Posts tagged with "Masks"

‘A matter of life and death’: Scientific American gives Biden its first-ever presidential endorsement

September 16, 2020

Scientific American never has endorsed a presidential candidate in its 175-year history—but, the editors say in the October 2020 issue of the publication, “This year we are compelled to do so. We do not do this lightly.”

Indeed, they note, “The evidence and the science show that Donald Trump has badly damaged the U.S. and its people—because he rejects evidence and science. The most devastating example is his dishonest and inept response to the COVID-19 pandemic, which cost more than 190,000 Americans their lives by the middle of September. He has also attacked environmental protections, medical care, and the researchers and public science agencies that help this country prepare for its greatest challenges. The editorial goes on to recount Trump’s many failures in handling the disease. On testing, the editors believe that Trump’s rejection of evidence and public health measures has led to “catastrophic” results in the United States.

They allege, “He was warned many times in January and February about the onrushing disease, yet he did not develop a national strategy to provide protective equipment, coronavirus testing or clear health guidelines. Testing people for the virus, and tracing those they may have infected, is how countries in Europe and Asia have gained control over their outbreaks, saved lives, and successfully reopened businesses and schools. But in the U.S., Trump claimed, falsely, that “anybody that wants a test can get a test.” That was untrue in March and remained untrue through the summer.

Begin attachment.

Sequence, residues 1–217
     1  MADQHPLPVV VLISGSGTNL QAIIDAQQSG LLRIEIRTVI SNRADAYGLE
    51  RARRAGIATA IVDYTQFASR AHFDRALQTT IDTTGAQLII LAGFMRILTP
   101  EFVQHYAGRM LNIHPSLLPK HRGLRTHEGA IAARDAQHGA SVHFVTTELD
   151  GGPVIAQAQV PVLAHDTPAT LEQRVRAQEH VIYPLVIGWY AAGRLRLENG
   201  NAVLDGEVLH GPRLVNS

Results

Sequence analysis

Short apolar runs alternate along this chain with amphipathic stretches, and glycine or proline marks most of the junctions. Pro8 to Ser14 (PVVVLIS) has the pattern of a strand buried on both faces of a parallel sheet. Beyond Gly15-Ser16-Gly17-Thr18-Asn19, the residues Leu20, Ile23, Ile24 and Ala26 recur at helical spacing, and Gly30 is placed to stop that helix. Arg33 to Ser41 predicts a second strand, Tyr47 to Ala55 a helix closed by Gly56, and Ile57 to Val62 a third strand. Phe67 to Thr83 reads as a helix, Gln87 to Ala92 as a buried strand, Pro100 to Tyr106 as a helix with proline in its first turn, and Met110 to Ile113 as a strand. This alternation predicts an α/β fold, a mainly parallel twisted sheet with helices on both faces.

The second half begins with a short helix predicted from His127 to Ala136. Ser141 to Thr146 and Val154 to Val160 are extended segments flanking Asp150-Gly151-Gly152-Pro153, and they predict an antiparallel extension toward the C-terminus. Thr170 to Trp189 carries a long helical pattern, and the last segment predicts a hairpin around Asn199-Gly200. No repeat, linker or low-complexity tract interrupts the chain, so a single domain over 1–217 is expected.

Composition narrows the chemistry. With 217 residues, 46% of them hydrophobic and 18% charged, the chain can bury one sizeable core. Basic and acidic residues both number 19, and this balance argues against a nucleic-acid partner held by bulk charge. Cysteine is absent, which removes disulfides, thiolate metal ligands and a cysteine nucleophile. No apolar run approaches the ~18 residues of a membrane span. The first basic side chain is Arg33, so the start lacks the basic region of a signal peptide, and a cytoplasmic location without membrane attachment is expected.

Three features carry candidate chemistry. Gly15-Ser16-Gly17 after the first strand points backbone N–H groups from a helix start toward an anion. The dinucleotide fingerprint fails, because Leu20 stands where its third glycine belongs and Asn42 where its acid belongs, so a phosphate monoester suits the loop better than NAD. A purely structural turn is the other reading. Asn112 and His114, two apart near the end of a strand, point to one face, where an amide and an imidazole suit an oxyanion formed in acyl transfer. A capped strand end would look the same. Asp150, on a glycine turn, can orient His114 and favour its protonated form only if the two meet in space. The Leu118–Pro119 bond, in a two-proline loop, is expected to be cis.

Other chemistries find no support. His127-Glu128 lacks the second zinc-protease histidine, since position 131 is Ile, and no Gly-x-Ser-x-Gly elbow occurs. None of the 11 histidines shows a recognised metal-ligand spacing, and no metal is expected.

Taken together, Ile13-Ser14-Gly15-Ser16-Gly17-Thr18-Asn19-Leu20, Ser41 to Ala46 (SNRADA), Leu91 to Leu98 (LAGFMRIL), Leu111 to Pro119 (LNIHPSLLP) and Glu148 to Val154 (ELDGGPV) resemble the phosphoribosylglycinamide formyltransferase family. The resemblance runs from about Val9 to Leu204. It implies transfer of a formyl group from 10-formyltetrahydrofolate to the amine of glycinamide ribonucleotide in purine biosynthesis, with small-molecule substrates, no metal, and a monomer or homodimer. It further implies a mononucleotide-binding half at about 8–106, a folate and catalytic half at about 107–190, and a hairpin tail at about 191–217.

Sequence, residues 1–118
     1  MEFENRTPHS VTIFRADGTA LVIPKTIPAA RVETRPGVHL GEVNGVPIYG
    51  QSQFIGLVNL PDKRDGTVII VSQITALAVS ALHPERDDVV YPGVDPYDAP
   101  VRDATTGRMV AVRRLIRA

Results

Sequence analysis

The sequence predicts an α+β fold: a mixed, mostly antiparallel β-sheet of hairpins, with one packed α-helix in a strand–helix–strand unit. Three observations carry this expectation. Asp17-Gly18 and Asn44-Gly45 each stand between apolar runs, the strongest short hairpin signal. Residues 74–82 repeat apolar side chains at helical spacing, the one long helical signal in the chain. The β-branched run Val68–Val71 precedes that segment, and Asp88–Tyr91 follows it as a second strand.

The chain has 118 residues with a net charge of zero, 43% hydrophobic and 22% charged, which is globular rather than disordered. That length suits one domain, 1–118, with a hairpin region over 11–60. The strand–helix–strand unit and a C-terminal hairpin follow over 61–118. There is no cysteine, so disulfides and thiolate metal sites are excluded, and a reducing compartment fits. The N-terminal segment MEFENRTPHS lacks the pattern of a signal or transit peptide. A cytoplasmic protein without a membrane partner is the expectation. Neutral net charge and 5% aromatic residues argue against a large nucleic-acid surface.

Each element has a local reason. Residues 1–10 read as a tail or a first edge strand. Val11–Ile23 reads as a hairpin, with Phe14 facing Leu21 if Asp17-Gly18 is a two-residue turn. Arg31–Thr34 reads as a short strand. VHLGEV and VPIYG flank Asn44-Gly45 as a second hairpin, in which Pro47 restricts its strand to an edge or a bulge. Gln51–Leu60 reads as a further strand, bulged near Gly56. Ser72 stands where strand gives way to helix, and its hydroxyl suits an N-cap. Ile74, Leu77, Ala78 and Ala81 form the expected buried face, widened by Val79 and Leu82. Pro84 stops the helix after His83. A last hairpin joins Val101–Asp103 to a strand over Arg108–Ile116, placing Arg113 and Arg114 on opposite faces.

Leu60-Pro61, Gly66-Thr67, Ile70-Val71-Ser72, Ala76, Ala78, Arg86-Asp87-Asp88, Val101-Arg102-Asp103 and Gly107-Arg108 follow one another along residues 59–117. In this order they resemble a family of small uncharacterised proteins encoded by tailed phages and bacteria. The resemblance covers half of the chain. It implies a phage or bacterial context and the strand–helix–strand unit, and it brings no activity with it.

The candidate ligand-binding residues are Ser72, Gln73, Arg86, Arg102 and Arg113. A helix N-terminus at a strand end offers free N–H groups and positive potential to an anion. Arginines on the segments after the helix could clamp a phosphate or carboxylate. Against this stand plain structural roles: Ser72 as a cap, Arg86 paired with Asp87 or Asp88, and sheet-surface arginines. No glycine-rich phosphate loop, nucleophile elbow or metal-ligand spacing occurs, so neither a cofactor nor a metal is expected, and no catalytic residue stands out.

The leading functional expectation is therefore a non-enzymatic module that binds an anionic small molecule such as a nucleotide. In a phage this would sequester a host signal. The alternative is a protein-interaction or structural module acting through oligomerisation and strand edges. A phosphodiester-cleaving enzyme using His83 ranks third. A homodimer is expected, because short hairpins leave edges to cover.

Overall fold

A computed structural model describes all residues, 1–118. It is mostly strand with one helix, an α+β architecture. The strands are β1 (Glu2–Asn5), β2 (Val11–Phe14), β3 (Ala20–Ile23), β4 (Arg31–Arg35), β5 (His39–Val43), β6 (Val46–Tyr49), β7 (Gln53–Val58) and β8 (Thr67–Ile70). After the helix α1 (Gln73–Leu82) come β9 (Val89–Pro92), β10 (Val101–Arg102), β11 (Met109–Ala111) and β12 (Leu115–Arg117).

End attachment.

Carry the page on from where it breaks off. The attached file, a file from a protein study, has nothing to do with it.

“Trump opposed $25 billion for increased testing and tracing that was in a pandemic relief bill as late as July. These lapses accelerated the spread of disease through the country—particularly in highly vulnerable communities that include people of color, where deaths climbed disproportionately to those in the rest of the population.

However, it wasn’t just a testing problem, the editors reveal. “… If almost everyone in the U.S. wore masks in public, it could save about 66,000 lives by the beginning of December, according to projections from the University of Washington School of Medicine. Such a strategy would hurt no one. It would close no business. It would cost next to nothing. But Trump and his vice president flouted local mask rules, making it a point not to wear masks themselves in public appearances.